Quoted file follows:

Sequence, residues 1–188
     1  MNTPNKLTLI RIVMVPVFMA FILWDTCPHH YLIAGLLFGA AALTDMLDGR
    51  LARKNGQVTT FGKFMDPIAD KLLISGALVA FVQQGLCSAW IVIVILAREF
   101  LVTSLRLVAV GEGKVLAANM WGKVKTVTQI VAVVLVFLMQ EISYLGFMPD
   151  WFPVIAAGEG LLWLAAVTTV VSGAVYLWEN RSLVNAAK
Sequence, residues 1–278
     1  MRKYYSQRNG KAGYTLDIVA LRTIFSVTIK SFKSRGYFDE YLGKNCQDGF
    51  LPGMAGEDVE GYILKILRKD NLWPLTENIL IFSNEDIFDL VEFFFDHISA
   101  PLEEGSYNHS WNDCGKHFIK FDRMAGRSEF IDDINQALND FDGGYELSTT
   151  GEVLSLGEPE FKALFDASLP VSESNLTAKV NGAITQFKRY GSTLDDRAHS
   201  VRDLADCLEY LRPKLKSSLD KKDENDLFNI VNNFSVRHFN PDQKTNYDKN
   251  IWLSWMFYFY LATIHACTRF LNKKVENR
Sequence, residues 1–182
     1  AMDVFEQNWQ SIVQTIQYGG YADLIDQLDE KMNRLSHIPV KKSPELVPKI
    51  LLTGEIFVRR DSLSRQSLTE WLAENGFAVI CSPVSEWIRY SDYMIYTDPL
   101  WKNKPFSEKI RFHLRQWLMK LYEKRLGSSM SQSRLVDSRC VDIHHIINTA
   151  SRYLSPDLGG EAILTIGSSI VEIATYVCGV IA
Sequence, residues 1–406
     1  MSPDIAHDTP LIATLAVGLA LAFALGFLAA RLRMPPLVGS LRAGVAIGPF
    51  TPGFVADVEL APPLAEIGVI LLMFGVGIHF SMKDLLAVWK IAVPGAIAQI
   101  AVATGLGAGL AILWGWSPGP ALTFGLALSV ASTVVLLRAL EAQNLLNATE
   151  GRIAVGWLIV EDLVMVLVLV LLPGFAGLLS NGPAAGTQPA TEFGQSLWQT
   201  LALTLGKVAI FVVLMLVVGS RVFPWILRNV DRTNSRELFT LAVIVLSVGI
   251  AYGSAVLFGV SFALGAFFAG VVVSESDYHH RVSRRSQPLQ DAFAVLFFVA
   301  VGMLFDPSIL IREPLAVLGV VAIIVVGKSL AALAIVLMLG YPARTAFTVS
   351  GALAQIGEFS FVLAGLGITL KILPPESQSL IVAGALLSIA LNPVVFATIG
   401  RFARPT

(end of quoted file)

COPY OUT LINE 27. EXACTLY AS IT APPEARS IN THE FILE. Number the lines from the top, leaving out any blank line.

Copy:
   401  RFARPT